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iOS

John Smith
John Smith
2,573 Points

a question on pointers

In this video http://teamtreehouse.com/library/objectivec-basics/beyond-the-basics/pointers-part-2

at 4:02, line 28, I don't understand why the program printed out a different memory address.

First, you pass &i (the memory address of i) as the argument to the function. line 28, printf("The memory address of x = %p\n",&x);

What exactly is &x? Is it the memory address of where the pointer &i is stored at?

As I understand it,

the data for i is stored in memory, &i is a pointer that points to the location of this memory, put this pointer must also require memory to be alive (the compiler automatically keeps track of this),

So when the function is printing out &x initially, it's printing out the memory address of the pointer and not where the pointer is pointing to.

Am I correct with this? Please help because this is very confusing.

10 Answers

Jeremy Smith
Jeremy Smith
1,395 Points

The reason being it won't ever be the same is because it's essentially 'Random' Access Memory, Access being in single quotes as it's the operative word (or rather Random being the operative word here).

Even if you were to keep running the same application multiple times each time there'd be a different address to where that memory is stored.

It's quite essentially any memory allocation you create (either in main or otherwise (in other functions even)) will always be set in runtime, so on each run that means it'll change.

John Smith
John Smith
2,573 Points

I just don't understand what &x is referring to. In the final code, we print out x, which is the pointer pointing to the data of int i. But at 4:02, we said &x. It's almost like saying a pointer of a pointer.

John Smith
John Smith
2,573 Points

Another question I have in objective c, are object pointers or the actual data itself.

For example,

NSNumber *number = [[NSNumber alloc] init]; number = .....

In the second line, are we manipulating the data itself through the pointer?

Why do we not say *number = ....

What if we were to print out the memory address of number and *number? Would they be different at run time? Meaning, they refer to different memory location, one points to the data and one to the location where the compiler manage the pointer.

Jeremy Smith
Jeremy Smith
1,395 Points

In a nutshell anything that has the & sign in front of it in C is a memory address.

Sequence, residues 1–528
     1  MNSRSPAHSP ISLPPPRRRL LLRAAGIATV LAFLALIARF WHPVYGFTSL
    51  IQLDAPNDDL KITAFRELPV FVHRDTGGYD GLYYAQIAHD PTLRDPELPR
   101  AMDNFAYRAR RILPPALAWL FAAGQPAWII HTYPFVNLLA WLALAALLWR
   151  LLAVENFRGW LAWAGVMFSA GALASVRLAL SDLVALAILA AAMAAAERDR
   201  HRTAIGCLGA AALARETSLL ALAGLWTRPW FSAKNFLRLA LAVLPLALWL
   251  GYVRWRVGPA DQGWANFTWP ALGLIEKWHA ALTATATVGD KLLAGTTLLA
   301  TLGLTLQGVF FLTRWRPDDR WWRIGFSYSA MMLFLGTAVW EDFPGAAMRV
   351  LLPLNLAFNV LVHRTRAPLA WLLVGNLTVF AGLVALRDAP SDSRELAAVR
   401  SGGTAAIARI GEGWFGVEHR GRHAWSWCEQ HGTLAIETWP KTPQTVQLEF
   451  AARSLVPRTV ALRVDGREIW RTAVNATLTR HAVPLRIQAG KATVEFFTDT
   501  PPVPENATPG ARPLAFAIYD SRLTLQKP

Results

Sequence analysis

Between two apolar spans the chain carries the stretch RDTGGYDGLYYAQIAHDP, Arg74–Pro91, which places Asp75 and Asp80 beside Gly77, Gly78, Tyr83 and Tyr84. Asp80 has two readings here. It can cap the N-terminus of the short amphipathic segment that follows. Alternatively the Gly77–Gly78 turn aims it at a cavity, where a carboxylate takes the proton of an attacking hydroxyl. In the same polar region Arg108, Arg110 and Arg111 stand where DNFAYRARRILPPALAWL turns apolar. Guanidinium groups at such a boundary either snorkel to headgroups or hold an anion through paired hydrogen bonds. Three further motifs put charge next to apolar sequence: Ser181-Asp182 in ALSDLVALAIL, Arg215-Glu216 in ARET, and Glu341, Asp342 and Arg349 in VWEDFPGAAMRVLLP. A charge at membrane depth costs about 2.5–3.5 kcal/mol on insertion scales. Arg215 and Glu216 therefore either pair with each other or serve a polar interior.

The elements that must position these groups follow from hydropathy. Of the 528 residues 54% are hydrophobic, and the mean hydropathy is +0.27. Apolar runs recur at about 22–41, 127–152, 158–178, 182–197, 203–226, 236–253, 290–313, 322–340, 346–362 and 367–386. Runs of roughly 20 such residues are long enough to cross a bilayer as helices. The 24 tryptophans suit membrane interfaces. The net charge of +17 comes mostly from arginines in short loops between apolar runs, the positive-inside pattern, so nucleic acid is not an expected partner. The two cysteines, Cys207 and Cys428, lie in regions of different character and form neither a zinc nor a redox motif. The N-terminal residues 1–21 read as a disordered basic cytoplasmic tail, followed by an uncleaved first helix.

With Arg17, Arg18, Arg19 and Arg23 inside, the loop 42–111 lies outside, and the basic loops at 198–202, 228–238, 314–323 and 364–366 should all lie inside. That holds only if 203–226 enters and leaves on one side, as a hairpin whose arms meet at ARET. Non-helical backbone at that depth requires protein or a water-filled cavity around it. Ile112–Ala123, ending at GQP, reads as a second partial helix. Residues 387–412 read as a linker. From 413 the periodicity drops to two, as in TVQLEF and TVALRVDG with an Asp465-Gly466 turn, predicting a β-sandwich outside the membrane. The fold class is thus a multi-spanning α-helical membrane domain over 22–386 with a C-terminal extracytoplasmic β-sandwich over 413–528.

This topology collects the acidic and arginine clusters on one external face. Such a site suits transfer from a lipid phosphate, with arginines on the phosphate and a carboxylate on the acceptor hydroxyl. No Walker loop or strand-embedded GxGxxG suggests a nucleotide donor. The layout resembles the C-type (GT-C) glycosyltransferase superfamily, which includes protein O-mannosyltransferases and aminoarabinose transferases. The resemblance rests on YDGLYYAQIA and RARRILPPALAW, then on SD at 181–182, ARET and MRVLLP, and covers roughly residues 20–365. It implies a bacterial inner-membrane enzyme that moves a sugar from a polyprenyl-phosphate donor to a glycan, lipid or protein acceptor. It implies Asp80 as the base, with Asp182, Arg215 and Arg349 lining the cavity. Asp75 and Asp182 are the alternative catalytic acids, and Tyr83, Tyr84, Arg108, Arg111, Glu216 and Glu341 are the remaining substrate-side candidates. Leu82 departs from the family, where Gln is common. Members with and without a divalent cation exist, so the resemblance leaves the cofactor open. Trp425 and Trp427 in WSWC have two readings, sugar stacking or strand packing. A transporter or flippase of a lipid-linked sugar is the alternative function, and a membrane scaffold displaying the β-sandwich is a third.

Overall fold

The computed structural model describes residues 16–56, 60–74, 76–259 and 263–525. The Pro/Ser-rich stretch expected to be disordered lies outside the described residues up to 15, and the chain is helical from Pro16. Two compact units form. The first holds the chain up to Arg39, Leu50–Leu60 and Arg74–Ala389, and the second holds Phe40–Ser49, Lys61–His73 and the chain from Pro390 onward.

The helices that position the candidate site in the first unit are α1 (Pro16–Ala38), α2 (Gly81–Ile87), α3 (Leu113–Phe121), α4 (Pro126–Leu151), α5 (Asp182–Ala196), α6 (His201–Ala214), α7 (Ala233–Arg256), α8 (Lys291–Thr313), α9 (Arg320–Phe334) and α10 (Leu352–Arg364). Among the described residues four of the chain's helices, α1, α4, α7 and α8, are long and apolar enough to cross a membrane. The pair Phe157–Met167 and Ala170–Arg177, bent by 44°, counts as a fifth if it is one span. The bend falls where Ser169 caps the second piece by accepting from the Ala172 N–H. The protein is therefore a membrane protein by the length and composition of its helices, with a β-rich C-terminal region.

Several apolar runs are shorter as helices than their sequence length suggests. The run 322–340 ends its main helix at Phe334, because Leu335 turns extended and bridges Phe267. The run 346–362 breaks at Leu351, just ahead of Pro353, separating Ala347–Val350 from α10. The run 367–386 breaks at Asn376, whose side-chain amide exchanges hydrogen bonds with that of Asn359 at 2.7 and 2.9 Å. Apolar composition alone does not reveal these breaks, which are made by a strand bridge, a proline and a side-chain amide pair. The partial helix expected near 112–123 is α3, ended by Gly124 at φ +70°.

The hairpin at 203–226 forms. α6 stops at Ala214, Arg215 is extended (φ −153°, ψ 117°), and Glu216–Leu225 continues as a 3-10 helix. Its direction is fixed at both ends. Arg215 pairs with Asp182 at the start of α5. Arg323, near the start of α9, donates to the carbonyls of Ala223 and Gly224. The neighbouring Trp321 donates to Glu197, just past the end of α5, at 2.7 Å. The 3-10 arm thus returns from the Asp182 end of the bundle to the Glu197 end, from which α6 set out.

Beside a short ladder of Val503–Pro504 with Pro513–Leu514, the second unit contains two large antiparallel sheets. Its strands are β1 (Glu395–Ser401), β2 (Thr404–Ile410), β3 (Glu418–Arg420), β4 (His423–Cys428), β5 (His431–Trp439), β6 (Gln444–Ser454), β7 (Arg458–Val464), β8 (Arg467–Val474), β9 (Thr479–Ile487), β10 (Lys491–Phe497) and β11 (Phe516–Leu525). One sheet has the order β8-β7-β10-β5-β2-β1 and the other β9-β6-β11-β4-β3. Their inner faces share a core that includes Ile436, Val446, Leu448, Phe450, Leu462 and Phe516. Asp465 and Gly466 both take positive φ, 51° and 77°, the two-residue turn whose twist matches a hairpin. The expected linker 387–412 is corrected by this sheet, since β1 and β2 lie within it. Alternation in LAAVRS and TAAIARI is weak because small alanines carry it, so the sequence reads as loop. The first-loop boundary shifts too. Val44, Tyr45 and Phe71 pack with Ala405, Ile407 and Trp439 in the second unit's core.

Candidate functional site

So if you had say: 'int myvar = 5;' // very quick and dirty example

To make a pointer variable that saves the memory 'address' of myvar you'd do:

int foopointer = &myvar;

So now foopointer has only the memory address of myvar.

If you were to have &myvar in printf() it'd output the memory address of myvar.

To answer your second question every time you go to run something that illustrates the above the memory address of myvar would change each time you run it.

The asterix * is to dereference a pointer, I was told by a person I used to work with, it's when you're happy with the data that the pointer holds (it's valid) then you only dereference. You can have pointers (because of them being declared on what's called the heap, as opposed to stack when you do stack programming, like assembly) you can find memory allocations can get corrupted.

This is what you strongly want to avoid at all costs.

John Smith
John Smith
2,573 Points

What is you were to print &foopointer? It would be a separate location than &myvar right?

Jeremy Smith
Jeremy Smith
1,395 Points

That holds the memory allocation of myvar, but yes you're correct with that one.

They do take some getting used to and getting your head around but once you learn the basics it's pretty simple to be honest.

John Smith
John Smith
2,573 Points

Ok, thanks. But I don't understand why when you're manipulating objects in objective-C, the syntax doesn't include *.

Initially when you're allocating an object, you specify that is is a pointer.

NSNumber *number = [[NSNumber alloc] init];

However, if you want to assign it something, you can just say, number = @23

This syntax makes it seem like you're manipulating the memory of the pointer instead of the data that the pointer is pointing to. Something like this would make more sense,

*number=@23 Of course, if you try to do this, you'll get a syntax error?

Jeremy Smith
Jeremy Smith
1,395 Points

Actually just run a very basic example to prove this t o myself and the value of the points not changing.

But naturally it'd be different from what the instructor has, because I mean every single thing that your computer loads would be needed to be loaded into memory, even the processor has drivers as far as the Operating System's concerned (though naturally it'd be further up the memory allocations at like the first one or something, for speed of access, even the graphics cards drivers be it a simple bog standard graphics card or a really fully 3d with physix or whatever you call it from nvidia (be a longer range of memory address)).

I wouldn't worry too much for now, as long as it's outputting a value of an integer you're good to go.

Also to note on the Bloodshed Dev-C++ compiler, says (when I compile what you were asking) '[Warning]: initialization makes integer from a pointer without a cast.'

John Smith
John Smith
2,573 Points

I'm not confused on the fact that it's different, but on whether or not we are dealing with two separate memory location at the same time.

Jeremy Smith
Jeremy Smith
1,395 Points

You would be yes, since they on a technical level store different sets of data.